The Friendly Chess Game

A marble chessboard spanned a no man’s land between two opponents. The opening was complete. The middlegame was over. Only the endgame remained.

He set his white piece down with a click and sank back into the thick leather chair. Watching his adversary, he steepled his fingers.

She leaned her elbows on the mahogany table and became as still as the stone pieces. She stared at the board, her mind exploring the remaining moves. The end was close.

Her fingers twitched. Her breathing accelerated. She would accept only one of two outcomes: winning or stalemate.

She looked over her shoulder at the solar system; there was so much life, all centered on one little planet. A massive asteroid approached, ready to extinguish it. It blotted out the sun, plunging half the Earth into darkness and all of it into chaos. People fell to their knees and cried out for mercy.

She clenched her fists. It had been millions of years and many games since she last won. Remnants of that ancient victory still lay buried in the Earth’s crust. “Stalemate,” she mouthed silently. It left behind a lingering bitterness. She turned to the board; checkmate was so close. There would be a clean slate and limitless possibilities. She licked her lips. The desperate prayers of humanity echoed in her ears. She shook her head. Humans had once had so much potential. “Be quiet,” she whispered.

He crossed his arms. “Come now. Don’t stretch this out longer than it needs to be,” he said with a smirk. He glanced out into the dark expanse. The asteroid was close. His yellow eyes glittered in the candlelight.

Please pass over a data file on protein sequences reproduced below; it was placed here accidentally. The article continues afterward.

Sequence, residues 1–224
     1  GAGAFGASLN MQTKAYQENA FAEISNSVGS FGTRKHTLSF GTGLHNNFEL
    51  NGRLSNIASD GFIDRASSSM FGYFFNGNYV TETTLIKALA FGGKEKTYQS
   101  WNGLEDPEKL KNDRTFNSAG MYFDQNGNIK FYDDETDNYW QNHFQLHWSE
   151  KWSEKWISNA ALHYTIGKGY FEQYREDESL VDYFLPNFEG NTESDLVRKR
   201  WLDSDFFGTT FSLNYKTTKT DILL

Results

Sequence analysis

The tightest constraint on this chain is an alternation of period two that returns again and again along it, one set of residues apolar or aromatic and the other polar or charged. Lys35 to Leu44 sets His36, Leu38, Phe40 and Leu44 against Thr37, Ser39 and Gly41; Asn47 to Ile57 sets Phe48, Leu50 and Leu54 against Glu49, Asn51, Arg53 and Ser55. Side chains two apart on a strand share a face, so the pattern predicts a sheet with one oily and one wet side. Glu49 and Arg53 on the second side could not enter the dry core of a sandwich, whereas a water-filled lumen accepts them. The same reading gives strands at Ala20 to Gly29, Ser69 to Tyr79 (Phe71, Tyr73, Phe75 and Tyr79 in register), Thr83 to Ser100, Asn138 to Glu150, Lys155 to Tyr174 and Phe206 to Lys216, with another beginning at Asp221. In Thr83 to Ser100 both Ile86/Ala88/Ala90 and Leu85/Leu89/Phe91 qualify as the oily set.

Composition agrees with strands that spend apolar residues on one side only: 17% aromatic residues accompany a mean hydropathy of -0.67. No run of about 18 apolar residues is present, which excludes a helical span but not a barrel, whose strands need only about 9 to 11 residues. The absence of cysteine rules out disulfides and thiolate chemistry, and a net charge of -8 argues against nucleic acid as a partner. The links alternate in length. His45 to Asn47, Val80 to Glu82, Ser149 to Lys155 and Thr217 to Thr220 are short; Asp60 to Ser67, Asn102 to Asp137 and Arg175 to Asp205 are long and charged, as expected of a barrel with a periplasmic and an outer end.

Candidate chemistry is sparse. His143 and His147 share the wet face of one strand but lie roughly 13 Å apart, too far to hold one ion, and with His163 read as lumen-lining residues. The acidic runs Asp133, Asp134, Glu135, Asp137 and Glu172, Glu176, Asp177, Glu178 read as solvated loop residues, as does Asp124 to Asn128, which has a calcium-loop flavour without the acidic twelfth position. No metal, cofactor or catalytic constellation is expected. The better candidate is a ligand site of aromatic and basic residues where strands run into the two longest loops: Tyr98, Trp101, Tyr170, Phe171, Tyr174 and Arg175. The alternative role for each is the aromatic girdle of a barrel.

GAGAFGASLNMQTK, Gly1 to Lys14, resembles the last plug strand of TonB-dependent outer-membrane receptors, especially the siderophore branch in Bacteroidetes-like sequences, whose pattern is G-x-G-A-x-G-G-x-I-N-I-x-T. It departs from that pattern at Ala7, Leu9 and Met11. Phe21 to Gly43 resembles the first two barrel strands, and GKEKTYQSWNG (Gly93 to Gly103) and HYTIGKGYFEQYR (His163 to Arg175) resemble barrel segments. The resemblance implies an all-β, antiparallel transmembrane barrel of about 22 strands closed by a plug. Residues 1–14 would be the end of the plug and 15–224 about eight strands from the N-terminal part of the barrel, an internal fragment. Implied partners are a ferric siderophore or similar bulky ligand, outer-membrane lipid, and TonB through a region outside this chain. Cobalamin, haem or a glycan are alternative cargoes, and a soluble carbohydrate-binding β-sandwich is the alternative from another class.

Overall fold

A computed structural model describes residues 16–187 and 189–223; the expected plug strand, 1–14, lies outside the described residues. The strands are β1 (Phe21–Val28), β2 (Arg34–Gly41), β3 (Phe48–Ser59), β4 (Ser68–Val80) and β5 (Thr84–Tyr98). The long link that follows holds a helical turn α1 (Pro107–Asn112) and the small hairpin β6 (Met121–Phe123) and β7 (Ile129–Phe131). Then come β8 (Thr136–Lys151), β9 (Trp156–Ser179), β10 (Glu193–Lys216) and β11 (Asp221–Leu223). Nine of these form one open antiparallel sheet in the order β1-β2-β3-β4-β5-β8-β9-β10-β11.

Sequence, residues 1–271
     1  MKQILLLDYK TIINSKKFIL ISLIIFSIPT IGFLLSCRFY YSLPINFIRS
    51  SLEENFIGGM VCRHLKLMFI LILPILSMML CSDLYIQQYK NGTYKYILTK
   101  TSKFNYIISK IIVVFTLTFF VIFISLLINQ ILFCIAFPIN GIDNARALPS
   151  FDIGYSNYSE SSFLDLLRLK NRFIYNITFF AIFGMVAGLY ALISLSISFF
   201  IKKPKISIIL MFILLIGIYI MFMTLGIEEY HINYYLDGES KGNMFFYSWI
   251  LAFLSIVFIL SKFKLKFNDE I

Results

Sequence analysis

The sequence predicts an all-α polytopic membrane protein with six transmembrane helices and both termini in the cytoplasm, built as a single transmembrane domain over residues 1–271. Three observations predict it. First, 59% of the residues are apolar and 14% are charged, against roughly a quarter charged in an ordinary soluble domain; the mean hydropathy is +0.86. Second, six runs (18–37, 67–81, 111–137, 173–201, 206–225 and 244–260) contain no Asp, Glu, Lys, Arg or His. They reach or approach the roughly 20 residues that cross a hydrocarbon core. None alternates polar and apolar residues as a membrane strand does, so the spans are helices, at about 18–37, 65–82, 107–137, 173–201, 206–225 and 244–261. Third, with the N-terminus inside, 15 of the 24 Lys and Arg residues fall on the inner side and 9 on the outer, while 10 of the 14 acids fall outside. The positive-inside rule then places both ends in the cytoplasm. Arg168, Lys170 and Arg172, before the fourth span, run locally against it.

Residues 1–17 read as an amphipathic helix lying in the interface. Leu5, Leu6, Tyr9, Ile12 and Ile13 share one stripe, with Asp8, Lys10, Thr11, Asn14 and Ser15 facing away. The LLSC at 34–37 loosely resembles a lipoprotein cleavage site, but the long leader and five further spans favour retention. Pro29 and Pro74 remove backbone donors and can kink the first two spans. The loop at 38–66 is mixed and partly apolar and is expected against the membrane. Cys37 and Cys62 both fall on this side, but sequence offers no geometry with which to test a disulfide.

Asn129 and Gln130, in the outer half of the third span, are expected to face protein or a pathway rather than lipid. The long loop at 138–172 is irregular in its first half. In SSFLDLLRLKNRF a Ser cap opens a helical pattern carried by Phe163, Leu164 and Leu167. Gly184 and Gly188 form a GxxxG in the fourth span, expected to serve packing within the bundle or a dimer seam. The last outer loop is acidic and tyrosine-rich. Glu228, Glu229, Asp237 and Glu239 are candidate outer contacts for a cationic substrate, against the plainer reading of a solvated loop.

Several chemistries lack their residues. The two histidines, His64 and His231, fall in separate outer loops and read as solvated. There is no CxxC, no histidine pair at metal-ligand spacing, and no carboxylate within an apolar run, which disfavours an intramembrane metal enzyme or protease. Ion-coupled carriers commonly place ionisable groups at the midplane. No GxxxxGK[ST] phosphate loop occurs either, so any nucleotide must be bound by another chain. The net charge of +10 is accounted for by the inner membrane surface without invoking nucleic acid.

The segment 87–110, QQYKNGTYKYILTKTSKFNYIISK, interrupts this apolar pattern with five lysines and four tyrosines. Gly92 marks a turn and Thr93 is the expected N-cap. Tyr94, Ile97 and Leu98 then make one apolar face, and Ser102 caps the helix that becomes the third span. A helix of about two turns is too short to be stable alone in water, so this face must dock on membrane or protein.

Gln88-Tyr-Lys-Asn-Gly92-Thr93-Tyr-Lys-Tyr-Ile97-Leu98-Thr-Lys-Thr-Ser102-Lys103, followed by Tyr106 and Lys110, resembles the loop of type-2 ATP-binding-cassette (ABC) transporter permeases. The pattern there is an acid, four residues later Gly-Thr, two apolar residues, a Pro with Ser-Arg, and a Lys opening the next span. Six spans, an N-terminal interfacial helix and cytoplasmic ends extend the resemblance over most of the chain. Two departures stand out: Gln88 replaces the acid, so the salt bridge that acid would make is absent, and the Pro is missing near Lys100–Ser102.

She lifted her head. Her obsidian eyes narrowed. “Are you rushing me?” she said.

He raised all six of his hands in the air. “Heavens no, my dear! Take your sweet time.” His mouth stretched into a grin that displayed many rows of sharp, silver teeth.

The prayers reached a strident crescendo. She grimaced and then sighed. Her wings flicked, the crimson feathers fluffing out. “Fine. Let’s end it already.” She grasped her piece, lifted it high, and slammed it down. The board split in half with a crack. Her golden fangs flashed in a fleeting smile. “Stalemate. Again.”

He smiled, but it didn’t reach any of his eyes. He picked up his king and crushed it. White stone dust spilled from between his fingers. “Well played, as always. See you again in one hundred years?” He stood and extended one hand.

She stood and clasped it, her crystalline talons screeching against his metallic silver skin. “Of course. Next time, I’m going to win.”

He roared with laughter.

In a flash of light, the players disappeared from the surface of the barren black planetoid. The table, chairs, and chessboard dissolved into gray smoke. The asteroid narrowly missed Earth and traveled back into the void. Humanity breathed a collective sigh of relief.

The chess game of the gods was over. Life would continue for now.